- The Washington Times - Monday, January 6, 2003

SKOPJE, Macedonia, Jan. 6 (UPI) — All but forgotten, the South Balkan region lacks visibility and urgency. And so pipeline planners need to keep their chins up and persevere.

Their best argument is the need to bypass the ecologically sensitive Bosphorus Straits. At present, all east-west oil transit is conducted by tankers. But new Turkish regulations are making it both more difficult and expensive for shippers in the Bosphorus. A pipeline bypass, supporters say, would increase profitability and preclude the danger of mishaps.

Today's oil pipelines are virtually indestructible. Composed of thick steel pipe buried 12 feet underground, protected by state-of-the-art coating technology, and regulated by a myriad of shut-off valves, pipelines are more environment-friendly.

For example, the AMBO route (from Bourgas, Bulgaria through Macedonia to Vlore, Albania) would have automatic shut-off valves every kilometer. "If the system senses a drop in pressure, the valves close," says AMBO Vice President Gligor Tashkovich. "In a worst case scenario, assuming one break point, the most oil that could leak would be 612,000 liters (161,700 gallons)."

Also, terrorist attacks are unlikely — buried pipelines can't be located without inside information. "Besides," states Tashkovich, "there would be video monitoring and military guarding the whole corridor."

Another argument for pipelines is transit fees, which countries through which the pipeline passes like. But if the Bosphorus requires a cost-efficient bypass, why not build it on Turkish soil? Having coastline on both the Black and Aegean seas, a European Turkey pipeline would be shorter and incur less transit fees.

Norway's StatOil proposed such a pipeline in 1994 — but found dredging the harbors a Sisyphean labor, as strong currents returned heavy deposits of silt.

The Latsis Group's Christos Dimas, chief of the Bourgas-Alexandroupolis project, told United Press International that "while it was politically in American interests to have a major oil route (BTC) through Turkish territory, they don't want Turkey to monopolize all the routes." Other industry experts debate this argument.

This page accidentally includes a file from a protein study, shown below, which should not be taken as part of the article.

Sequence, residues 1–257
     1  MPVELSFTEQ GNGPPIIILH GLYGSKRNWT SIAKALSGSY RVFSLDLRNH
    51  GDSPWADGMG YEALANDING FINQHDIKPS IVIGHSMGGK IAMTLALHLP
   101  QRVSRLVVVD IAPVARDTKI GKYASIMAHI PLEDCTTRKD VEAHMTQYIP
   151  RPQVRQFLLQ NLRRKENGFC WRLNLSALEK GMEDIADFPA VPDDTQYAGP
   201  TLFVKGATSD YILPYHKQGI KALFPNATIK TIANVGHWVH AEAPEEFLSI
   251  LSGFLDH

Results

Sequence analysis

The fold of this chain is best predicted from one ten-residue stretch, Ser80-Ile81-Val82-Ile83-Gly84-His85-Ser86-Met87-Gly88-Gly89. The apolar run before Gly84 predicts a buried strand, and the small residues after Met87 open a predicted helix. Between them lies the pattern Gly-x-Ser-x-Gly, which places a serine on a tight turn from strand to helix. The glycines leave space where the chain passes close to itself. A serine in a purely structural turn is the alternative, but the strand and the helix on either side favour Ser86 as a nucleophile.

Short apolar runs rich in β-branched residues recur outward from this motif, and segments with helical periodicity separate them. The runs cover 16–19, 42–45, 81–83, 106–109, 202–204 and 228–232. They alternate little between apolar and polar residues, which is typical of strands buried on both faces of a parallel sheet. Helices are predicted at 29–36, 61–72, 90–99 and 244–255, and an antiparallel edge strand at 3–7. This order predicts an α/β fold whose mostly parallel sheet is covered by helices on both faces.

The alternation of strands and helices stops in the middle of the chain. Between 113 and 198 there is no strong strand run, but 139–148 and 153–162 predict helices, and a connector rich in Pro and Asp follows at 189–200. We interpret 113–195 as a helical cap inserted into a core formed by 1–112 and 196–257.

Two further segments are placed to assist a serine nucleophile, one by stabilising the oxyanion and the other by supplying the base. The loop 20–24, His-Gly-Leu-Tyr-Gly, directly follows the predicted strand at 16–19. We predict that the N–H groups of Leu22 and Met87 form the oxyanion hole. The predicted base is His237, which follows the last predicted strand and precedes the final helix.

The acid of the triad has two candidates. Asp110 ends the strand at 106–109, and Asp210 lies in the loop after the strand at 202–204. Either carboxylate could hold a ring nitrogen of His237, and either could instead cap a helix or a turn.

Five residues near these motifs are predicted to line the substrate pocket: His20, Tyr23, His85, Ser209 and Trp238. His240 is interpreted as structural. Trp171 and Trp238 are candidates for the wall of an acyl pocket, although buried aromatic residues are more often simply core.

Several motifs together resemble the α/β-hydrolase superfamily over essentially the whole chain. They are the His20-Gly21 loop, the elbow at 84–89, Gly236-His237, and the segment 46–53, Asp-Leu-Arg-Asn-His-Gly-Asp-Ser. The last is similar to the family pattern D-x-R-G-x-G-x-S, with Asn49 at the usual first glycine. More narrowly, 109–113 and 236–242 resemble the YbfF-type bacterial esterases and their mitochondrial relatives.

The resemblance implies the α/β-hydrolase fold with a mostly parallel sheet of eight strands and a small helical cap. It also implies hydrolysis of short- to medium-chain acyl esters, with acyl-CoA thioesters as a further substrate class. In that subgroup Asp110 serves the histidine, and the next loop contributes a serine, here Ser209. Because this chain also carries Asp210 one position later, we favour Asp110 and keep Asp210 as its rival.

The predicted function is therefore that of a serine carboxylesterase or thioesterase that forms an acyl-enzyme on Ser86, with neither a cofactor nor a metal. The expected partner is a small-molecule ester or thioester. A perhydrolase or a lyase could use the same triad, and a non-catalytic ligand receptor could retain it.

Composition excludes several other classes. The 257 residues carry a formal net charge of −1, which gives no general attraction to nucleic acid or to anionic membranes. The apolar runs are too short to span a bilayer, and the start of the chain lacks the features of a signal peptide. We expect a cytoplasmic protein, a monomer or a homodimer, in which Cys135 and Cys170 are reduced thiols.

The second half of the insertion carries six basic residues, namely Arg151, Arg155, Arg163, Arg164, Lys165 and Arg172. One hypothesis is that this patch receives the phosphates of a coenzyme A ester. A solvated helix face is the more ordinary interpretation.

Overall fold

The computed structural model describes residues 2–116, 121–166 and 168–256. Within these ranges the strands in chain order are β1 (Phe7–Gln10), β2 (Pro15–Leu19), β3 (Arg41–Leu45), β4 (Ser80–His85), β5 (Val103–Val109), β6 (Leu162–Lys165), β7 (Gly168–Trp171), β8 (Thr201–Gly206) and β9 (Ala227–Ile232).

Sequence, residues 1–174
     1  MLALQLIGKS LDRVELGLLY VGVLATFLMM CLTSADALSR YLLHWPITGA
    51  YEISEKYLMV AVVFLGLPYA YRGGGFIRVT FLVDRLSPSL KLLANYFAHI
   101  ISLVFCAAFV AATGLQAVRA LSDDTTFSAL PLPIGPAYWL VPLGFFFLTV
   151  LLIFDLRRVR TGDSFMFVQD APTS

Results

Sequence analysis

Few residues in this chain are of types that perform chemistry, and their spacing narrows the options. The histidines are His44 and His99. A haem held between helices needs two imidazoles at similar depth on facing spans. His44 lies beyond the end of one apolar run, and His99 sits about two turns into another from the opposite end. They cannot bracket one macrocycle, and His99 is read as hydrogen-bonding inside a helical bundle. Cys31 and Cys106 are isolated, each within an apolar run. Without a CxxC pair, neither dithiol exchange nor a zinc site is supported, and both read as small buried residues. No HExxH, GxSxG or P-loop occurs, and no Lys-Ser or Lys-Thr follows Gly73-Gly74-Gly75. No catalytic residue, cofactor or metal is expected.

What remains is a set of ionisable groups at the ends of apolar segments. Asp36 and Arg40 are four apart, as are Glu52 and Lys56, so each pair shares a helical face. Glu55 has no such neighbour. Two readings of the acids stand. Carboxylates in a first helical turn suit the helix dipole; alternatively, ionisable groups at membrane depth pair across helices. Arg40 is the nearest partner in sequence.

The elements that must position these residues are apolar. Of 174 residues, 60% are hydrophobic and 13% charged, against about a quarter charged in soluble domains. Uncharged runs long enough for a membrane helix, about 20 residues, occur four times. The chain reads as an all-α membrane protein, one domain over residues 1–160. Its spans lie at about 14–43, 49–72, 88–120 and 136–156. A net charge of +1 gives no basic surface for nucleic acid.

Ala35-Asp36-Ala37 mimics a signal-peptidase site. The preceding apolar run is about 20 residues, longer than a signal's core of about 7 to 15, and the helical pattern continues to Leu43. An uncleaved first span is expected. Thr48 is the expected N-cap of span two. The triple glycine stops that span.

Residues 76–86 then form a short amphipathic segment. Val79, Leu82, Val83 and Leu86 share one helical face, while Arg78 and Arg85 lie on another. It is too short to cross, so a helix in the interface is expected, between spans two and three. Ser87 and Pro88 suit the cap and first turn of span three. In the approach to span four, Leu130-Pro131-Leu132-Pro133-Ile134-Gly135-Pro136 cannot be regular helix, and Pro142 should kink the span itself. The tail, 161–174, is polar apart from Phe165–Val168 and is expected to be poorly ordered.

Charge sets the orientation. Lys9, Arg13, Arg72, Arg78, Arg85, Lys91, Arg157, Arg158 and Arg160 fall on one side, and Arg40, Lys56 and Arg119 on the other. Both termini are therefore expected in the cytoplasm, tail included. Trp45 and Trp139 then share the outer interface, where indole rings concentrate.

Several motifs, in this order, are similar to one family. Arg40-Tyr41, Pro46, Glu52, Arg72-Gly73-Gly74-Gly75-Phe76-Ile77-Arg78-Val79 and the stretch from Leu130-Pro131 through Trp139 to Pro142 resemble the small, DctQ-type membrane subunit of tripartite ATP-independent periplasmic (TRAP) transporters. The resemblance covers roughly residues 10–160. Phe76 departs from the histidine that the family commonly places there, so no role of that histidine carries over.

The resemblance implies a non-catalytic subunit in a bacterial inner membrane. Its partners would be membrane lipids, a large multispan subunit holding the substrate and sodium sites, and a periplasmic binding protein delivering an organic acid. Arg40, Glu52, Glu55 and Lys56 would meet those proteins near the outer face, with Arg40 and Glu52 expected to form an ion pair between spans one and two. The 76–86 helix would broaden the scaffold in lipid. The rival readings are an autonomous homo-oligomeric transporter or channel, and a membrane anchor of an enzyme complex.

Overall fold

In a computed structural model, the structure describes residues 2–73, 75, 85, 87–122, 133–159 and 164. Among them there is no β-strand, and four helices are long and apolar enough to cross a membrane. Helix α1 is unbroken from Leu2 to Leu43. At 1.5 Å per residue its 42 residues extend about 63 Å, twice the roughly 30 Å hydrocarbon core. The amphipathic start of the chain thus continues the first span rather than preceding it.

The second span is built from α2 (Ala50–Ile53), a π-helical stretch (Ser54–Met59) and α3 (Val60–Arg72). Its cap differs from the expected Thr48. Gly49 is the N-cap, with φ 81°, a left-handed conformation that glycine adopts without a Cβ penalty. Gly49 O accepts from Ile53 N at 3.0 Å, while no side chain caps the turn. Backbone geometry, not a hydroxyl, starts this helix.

Regarding cost, Dimas contends that "our studies and the studies of major oil companies in the 1990's proved that there is almost no cost difference between a European Turkey route and ours. Besides, unlike European Turkey we have an excellent existing refinery (Bourgas) and better ports."

Herein lies the question of infrastructure — which has its own challenges and benefits.

Most secure is Burgas' Neftochim refinery, acquired by LUKoil in 1999. Martin Ganev, deputy general manager in Bulgaria, says the company will continue heavy investment. "We view LUKoil Neftochim Burgas' infrastructure as part of future regional projects … these investments are expected to reach $192 million by the end of 2002 — a threefold growth over last year."

Russian support helps enhance Bulgaria's prestige. The country is stable, reforming and pro-Western.

Albania has for a decade received millions of dollars in American aid. While still reforming, the country at least remains predictable in its unpredictability.

However, infrastructure is the problem here. The country has three dilapidated refineries of which only one is operational — barely.

To get from Bourgas to Vlore, of course, AMBO must pass through Macedonia — which remains somewhat of an unknown commodity.

On Nov. 27, the Caspian Business Weekly claimed that lingering fears of violence in Macedonia following the 2001 war are still keeping investors away. This analysis, which cited anonymous "observers," failed to mention that AMBO wouldn't traverse areas affected by the long-ended conflict. Strangely, it also alleged that Albania suffered a "resulting upheaval" from the war next door — something that never happened. Misplaced fears of violence shouldn't deter investors in either country.